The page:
“No?” he asked. She could see a flash of anger in his eyes as he swept his monstrous hand out from under the cloak and extended it her way. It trembled, as if it was a distillation of the anger that was etched into his words and face. Muscles here and there stood out against the skin of the arm, twitching spasmodically. “Sylvester’s pain? That wasn’t what you were doing? That mention of pain?”
The twitching seemed to intensify with that last word, as if he’d willed it to get worse.
“The dissent against the Crown? The mention of lost comrades, or the hollow look in your eyes? These weren’t elements you cobbled together to strike a chord with me and my zealots?”
“No,” Evette said. She shook her head. Every time Mauer used that last word, it was all the more damning. “No, not at all.”
Had he doubted her all along? Had he saved up the little details and clues that would have sounded so petty on their own had he called her out on them one by one, and built up a case?
This conversation was a mistake. She wasn’t equipped for this any more than she was equipped to out-politic the Infante.
“Whatever you might be plotting, I’ll have no part of it. I won’t put myself or my people in harm’s way at your suggestion.”
“Sylvester,” Mauer said, with gravity.
“I have complete and utter confidence in the path we are taking. But as I said, we are far from being allies, Sylvester, and everything I know about you, from our first meeting to Genevieve Fray’s fondness for you, it tells me you’re too dangerous to leave alive.”
He reached into his coat. Evette startled at that, immediately rising to her feet, turning, with the aim of putting the armchair between herself and Mauer.
A knife, not a gun. Mauer’s foot went out, a leather shoe and one leg barring her way, so that she ran into his leg instead of escaping.
With his overlarge hand, he grabbed her, and he pinned her against the seat of the chair, in a way that had her lying sideways across it.
“Wait,” she said. “Wait wait.”
He drew the blade of the knife across her throat. Her eyes went wide at the initial leap of blood that appeared before her eyes.
She hadn’t even had a plan for what to say.
What could she say?
If not the Infante, then-
“Island,” she said, voice a squeak.
He moved his overlarge hand and embedded the knife in her chest. The blow wasn’t remarkable on its own, but it felt like he’d used the giant hand to deliver it. All of the wind went out of her. Her heart strained to beat and failed the attempt. It failed the next, and then the next.
With every failure to beat, more and more strength fled her. The amount of strength that seemed to pour out of her was surprising.
“Gomer’s,” she managed, with a last gasp.
But Gomer’s Island didn’t mean anything unto itself. That meant nothing to Mauer. It gave him no reason to spare her.
“Missing children,” she said.
Too late, she realized that she hadn’t actually said anything at all. Her lips had moved, but there had been no sound.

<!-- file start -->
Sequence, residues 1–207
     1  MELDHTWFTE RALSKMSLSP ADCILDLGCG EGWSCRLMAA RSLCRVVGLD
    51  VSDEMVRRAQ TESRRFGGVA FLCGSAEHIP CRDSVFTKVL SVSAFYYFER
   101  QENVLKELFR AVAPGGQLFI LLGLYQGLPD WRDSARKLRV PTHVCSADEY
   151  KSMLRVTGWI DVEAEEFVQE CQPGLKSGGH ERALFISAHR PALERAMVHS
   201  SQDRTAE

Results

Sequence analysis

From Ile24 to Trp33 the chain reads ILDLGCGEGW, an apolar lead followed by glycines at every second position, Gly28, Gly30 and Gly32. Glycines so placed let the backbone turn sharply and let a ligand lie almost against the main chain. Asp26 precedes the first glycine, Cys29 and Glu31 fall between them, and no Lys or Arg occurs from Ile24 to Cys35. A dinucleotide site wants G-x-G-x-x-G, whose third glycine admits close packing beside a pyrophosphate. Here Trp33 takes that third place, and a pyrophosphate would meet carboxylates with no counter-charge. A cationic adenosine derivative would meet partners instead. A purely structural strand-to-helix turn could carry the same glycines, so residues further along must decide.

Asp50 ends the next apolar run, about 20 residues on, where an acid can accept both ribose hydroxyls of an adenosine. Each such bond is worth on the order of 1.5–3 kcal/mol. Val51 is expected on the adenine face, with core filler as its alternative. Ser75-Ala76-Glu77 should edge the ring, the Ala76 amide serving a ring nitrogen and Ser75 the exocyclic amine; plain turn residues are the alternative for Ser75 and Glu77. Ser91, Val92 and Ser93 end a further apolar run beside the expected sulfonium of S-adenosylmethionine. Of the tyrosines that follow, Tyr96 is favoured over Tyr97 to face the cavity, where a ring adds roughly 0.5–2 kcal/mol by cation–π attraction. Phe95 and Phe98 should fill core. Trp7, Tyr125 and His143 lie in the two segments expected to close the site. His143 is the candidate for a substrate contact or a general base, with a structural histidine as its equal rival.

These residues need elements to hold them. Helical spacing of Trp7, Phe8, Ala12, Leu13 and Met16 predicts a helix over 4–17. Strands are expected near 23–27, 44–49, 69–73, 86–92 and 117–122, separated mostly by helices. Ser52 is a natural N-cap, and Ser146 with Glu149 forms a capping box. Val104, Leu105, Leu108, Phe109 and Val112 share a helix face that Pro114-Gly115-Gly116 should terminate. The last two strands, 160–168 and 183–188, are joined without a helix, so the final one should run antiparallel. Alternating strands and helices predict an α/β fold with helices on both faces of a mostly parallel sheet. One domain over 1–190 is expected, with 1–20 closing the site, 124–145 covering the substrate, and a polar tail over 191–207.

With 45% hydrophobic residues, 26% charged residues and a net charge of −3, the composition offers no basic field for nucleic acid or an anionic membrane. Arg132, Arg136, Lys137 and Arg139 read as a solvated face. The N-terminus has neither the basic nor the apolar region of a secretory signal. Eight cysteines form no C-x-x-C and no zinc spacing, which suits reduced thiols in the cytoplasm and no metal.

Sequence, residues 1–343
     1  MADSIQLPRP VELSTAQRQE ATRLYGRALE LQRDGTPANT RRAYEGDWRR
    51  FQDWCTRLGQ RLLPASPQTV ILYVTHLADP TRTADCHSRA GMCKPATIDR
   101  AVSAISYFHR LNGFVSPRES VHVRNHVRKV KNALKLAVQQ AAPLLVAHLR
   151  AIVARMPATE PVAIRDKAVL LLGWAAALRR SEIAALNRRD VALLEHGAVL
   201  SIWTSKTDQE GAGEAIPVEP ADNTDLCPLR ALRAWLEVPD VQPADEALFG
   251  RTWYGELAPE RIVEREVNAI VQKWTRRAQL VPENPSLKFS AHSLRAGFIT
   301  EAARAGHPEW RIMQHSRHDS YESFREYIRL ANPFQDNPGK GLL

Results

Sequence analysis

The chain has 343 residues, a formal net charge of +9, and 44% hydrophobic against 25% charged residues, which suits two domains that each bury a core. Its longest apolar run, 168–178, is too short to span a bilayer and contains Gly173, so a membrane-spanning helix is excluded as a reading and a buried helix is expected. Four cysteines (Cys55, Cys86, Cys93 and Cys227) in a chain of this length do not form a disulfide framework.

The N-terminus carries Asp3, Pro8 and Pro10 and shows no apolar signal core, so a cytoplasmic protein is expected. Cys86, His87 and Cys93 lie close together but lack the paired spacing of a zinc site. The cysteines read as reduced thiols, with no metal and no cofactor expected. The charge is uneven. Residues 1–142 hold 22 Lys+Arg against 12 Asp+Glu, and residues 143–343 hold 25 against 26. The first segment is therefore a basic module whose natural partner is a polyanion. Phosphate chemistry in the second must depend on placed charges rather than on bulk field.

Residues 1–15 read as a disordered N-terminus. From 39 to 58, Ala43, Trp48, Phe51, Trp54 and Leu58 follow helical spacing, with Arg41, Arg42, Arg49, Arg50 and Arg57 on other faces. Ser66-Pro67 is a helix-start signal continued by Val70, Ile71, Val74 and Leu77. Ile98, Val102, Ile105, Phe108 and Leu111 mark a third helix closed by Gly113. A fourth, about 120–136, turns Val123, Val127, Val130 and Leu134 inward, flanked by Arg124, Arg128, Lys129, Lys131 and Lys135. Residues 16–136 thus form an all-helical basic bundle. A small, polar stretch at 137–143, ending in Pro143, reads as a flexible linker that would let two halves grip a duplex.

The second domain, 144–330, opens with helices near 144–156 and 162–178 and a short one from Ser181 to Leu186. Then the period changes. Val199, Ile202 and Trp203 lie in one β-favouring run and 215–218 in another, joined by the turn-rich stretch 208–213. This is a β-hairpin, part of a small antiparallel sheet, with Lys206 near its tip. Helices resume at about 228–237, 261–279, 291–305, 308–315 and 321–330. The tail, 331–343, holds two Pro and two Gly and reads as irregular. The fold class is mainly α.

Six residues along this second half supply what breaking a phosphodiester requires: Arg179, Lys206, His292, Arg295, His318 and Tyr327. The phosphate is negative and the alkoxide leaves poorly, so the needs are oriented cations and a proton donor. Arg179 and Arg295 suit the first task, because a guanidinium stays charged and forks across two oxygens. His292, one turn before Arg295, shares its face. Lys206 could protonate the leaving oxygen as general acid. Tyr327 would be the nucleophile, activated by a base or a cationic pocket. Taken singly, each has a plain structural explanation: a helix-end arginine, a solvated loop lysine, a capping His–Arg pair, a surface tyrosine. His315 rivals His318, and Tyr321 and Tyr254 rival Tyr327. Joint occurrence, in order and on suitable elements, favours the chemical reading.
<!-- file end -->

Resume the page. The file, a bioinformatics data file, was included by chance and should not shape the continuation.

A part of her reached out, emotionally, hoped, prayed, for Mauer to understand. It had nothing to do with sparing herself, finding a reason to make Mauer want to keep her alive. She simply wanted answers. She wanted Mauer’s curiosity to be piqued.
Maybe he would choose Gomer’s Island for a place to hide out for the next stretch, and maybe, one shot in a million, he might find out something about the missing children.
Perhaps there would be resolution there, and the children would be okay.
That part of her wasn’t Evette. It wasn’t a bundled together mass of the behaviors and reckless thinking, nor any representation or fallout of the countless sessions of agony and disorientation that Sylvester had endured to gain what Wyvern had offered him.
Hello, Sylvester, Evette thought. Nice of you to join us.
Lambs, catch me.
“Put the book down for one damn minute, Jamie,” Sylvester said.
He had to dodge around the littler members of Lambsbridge, who were playing a violent variant on the game of tag, in order to reach the base of the tree, where Jamie sat. The rain was lighter today, but Jamie still needed the dense leaves of the tree to protect his book from the water.
“Important bit,” a twelve year old Jamie said, scribbling something down, tongue sticking out between his lips. “Gimme a minute.”
On the other side of the yard, Gordon roared as he lifted one of the smaller children over his head.
Mary, still reticent, not wholly used to the group, hung back, at the furthest end of the yard. Her hands were clasped in front of her. As a indicator of how nervous and out of her element she might have felt, the hands were minor at best. The fact that she kept looking at Sylvester for reassurance was more telling.
Sylvester met her eyes and smiled. She smiled back, and unclasped her hands.
Lillian was beside her. Chattering madly about something.
Sylvester turned his attention to Jamie, and plucked the book out of Jamie’s hands mid-word. The pen scratched against the paper in the process, no doubt drawing a long line down the page.
“Give that back,” Jamie said.